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Ann Emerg Med. 2014 Mar;63(3):292-9. doi: 10.1016/j.annemergmed.2013.08.022. Epub 2013 Nov 7.

Topical lidocaine to improve oral intake in children with painful infectious mouth ulcers: a blinded, randomized, placebo-controlled trial.

Author information

1
Department of Emergency Medicine, Royal Children's Hospital, Parkville, Victoria, Australia; Murdoch Children's Research Institute, Parkville, Victoria, Australia. Electronic address: sandy.hopper@rch.org.au.
2
Department of Emergency Medicine, Royal Children's Hospital, Parkville, Victoria, Australia.
3
Department of Paediatrics, Faculty of Medicine, Dentistry, and Health Sciences, University of Melbourne, Victoria, Australia; Junior Medical Staff Department, St Vincent's Hospital, Fitzroy, Victoria, Australia.
4
Murdoch Children's Research Institute, Parkville, Victoria, Australia; Department of Paediatrics, Faculty of Medicine, Dentistry, and Health Sciences, University of Melbourne, Victoria, Australia.
5
Department of Anaesthesia and Pain Management, Royal Children's Hospital, Parkville, Victoria, Australia; Murdoch Children's Research Institute, Parkville, Victoria, Australia; Department of Paediatrics, Faculty of Medicine, Dentistry, and Health Sciences, University of Melbourne, Victoria, Australia.
6
Department of Emergency Medicine, Royal Children's Hospital, Parkville, Victoria, Australia; Murdoch Children's Research Institute, Parkville, Victoria, Australia; Department of Paediatrics, Faculty of Medicine, Dentistry, and Health Sciences, University of Melbourne, Victoria, Australia.

Abstract

STUDY OBJECTIVE:

We establish the efficacy of 2% viscous lidocaine in increasing oral intake in children with painful infectious mouth conditions compared with placebo.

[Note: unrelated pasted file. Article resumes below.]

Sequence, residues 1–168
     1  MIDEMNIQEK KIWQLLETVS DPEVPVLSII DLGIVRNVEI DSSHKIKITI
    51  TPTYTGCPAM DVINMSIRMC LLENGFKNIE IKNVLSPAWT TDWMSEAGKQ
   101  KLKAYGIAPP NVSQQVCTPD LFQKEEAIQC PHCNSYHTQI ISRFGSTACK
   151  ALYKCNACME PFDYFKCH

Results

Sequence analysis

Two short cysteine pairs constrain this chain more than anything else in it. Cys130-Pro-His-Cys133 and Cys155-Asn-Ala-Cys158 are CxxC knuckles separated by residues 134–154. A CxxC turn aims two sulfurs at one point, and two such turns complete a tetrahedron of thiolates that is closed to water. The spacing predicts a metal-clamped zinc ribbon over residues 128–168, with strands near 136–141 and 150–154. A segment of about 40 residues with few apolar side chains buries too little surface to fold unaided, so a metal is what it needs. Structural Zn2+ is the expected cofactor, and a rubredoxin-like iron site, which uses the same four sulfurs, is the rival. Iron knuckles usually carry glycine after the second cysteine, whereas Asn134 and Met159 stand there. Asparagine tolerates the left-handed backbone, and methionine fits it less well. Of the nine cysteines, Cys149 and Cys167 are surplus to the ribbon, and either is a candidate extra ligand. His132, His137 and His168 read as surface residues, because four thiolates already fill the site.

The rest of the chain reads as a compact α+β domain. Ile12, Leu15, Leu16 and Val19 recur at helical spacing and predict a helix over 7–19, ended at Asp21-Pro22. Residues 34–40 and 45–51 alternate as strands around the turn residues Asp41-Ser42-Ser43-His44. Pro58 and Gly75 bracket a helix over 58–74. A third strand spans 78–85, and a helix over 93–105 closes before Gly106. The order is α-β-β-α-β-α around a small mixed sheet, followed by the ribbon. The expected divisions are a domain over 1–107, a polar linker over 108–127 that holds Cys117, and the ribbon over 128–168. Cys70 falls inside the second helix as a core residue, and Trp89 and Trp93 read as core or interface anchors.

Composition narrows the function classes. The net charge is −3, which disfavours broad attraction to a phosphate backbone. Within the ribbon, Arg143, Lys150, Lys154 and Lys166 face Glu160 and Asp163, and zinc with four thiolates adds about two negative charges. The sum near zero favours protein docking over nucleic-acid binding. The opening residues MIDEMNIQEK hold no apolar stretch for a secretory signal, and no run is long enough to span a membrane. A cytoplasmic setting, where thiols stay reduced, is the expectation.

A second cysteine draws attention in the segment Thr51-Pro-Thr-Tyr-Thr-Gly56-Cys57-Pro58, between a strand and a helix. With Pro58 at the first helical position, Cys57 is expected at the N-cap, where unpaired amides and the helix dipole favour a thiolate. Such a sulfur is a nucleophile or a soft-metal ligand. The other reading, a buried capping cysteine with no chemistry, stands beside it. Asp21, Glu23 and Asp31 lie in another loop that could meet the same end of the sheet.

METHODS:

This was a randomized placebo-controlled trial of viscous lidocaine versus placebo at a single pediatric emergency department. Study staff, clinicians, nurses, caregivers, and participants were blinded to the group assignment. Children with acute infectious ulcerative mouth conditions (gingivostomatitis, ulcerative pharyngitis, or hand, foot, and mouth disease) and poor oral fluid intake were randomized to receive 0.15 mL/kg of either 2% viscous lidocaine or placebo with identical appearance and flavor. The primary outcome was the amount of fluid ingested in the 60 minutes after administration of the intervention, with a difference in intake of 4 mL/kg considered clinically important. Secondary outcomes were specific milliliter per kilogram fluid targets and incidence of adverse events.

RESULTS:

One hundred participants were recruited (50 per treatment group), all of whom completed the 60-minute fluid trial period. Oral intake 1 hour after drug administration was similar in both groups: lidocaine median 8.49 mL/kg (interquartile range 4.07, 13.84 mL/kg) versus placebo 9.31 mL/kg (interquartile range 3.06, 15.18 mL/kg); difference in medians 0.82 mL/kg (95% confidence interval -2.52 to 3.26); Mann-Whitney P=.90. Likewise, short-term secondary outcomes were similar between the groups and there were no adverse events in either group.

CONCLUSION:

Viscous lidocaine is not superior to a flavored gel placebo in improving oral intake in children with painful infectious mouth ulcers.

[Indexed for MEDLINE]

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